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This list digest contains the following message subjects:

1. LapDigest Issue No. 123 - Mon 3/9/98
2. NEW: Eliminating Flats
3. RE: Another motor question
4. RE: Searching for Material for an Eagle's Eye
5. RE: Searching for Material for an Eagle's Eye
6. RE: Searching for Material for an Eagle's Eye
7. RE: Searching for Material for an Eagle's Eye
8. RE: Replacing a Burned-out Motor on a Genie
9. RE: Replacing a Burned-out Motor on a Genie
10. RE: Replacing a burned-out motor on a Genie


Subject: LapDigest Issue No. 123 - Mon 3/9/98

Excitement builds!! I just learned that there is a new
upgrade for the mailing list software, and I downloaded it
this past weekend, and is it ever different!!! This means I
will have to learn it all over again. But it does have some
nice new features which you will like, as it makes accessing
the Archives much easier. Expect some interruption to the
list sometimes in the next couple of weeks when I make a
change over.


Subject: NEW: Eliminating Flats

Good evening,

I make one-of-a-kind jewelry objects. I have recently gotten
involved with lapidary in order to supply myself with unusual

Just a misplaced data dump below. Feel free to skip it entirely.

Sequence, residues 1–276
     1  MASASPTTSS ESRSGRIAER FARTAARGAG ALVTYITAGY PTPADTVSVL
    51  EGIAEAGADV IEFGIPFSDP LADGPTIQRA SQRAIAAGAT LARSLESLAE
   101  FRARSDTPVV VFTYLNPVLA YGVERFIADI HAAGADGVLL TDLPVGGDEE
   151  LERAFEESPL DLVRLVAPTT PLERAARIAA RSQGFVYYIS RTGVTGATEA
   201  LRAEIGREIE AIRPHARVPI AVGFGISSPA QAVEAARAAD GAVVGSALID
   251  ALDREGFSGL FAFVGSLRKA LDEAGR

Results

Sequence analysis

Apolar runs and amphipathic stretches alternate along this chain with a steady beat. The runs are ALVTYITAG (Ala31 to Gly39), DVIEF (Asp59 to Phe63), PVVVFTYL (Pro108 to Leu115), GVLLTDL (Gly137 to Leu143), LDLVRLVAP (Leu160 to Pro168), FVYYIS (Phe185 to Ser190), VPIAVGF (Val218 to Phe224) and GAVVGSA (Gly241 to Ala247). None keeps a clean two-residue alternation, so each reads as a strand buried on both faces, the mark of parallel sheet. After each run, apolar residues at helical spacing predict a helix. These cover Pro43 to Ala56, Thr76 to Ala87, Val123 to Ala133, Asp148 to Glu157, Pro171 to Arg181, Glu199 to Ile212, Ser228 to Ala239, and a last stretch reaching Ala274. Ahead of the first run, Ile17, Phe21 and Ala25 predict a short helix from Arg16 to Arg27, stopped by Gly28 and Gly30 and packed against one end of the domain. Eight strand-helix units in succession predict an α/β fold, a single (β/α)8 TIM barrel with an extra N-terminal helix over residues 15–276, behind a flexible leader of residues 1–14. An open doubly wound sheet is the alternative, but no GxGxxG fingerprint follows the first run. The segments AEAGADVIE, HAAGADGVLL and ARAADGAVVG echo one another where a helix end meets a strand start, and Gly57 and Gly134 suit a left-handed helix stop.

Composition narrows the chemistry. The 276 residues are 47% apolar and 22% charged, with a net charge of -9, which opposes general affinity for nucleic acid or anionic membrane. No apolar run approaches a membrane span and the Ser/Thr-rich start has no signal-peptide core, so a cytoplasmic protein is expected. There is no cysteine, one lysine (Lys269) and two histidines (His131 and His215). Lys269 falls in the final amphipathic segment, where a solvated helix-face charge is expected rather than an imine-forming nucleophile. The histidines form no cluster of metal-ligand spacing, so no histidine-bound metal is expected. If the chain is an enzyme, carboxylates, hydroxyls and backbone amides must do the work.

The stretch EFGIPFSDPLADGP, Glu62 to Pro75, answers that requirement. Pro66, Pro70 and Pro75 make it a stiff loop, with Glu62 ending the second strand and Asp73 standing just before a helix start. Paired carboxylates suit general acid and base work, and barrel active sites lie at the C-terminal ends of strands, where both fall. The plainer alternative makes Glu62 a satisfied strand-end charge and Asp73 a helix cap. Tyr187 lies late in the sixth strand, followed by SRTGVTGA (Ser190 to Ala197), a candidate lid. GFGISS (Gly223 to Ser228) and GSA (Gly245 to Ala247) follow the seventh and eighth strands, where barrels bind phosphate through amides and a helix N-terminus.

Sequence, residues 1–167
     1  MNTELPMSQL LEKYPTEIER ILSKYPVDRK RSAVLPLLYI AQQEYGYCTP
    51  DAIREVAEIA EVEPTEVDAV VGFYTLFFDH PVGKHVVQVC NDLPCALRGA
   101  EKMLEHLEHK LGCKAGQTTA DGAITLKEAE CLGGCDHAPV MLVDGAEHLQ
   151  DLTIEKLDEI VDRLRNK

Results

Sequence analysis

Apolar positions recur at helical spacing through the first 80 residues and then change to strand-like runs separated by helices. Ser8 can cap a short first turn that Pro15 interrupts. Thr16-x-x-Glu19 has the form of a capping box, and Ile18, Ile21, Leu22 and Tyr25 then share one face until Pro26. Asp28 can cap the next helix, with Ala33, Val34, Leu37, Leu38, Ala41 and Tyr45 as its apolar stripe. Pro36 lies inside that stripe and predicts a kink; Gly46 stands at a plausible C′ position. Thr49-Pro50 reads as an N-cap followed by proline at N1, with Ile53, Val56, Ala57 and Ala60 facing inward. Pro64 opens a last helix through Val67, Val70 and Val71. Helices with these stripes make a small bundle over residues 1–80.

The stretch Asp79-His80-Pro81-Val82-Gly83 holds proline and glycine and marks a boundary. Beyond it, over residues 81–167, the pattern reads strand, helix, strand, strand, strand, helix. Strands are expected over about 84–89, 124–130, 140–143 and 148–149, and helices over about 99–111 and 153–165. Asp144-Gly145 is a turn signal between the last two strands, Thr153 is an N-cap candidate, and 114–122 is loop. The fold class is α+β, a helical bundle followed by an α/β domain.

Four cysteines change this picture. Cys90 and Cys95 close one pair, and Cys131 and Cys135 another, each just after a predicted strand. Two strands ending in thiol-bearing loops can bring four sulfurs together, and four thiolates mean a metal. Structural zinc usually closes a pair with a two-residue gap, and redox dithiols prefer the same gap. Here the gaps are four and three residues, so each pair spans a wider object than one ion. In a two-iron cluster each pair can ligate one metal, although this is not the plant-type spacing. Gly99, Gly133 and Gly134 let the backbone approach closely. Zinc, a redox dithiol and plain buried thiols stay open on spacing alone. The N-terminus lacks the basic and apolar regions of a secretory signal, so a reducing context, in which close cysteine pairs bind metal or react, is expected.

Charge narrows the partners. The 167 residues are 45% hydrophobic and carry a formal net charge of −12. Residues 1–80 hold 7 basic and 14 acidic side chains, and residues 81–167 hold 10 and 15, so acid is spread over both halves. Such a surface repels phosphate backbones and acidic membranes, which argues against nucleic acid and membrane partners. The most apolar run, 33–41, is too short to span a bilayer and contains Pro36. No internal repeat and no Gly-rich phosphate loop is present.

and unique stones for use in my jewelry (and I'm loving every
minute of it). I am using silicon carbide belts on 8"
0expandable drums up to 600 grit, then on to diamond spray on
resin belts for polishing. My preforms are all non calibrated
freeforms ranging in size from 3/4" to about 2" made from
petrified dinosaur bone, palm wood, and some different

Grinding and shaping go very smoothly. Now here is the
problem: no matter what I do, I can't eliminate all the flats
before polishing. As I move from 100 to 320 to 600 the larger
flats are simply replaced by a larger number of smaller flats,
no matter how many different ways I rotate the stone against
the wheel and no matter whether with a light touch or with a
lot of pressure. It seems like maybe the 8" wheels are
producing a surface speed in excess of what is needed for
such small size cabs. The cutting action seems too fast and
the drum does not "give" like I think it should. Am I
missing something here? Do I need to go to 6" drums or
possibly Nova wheels? Any help with this matter will be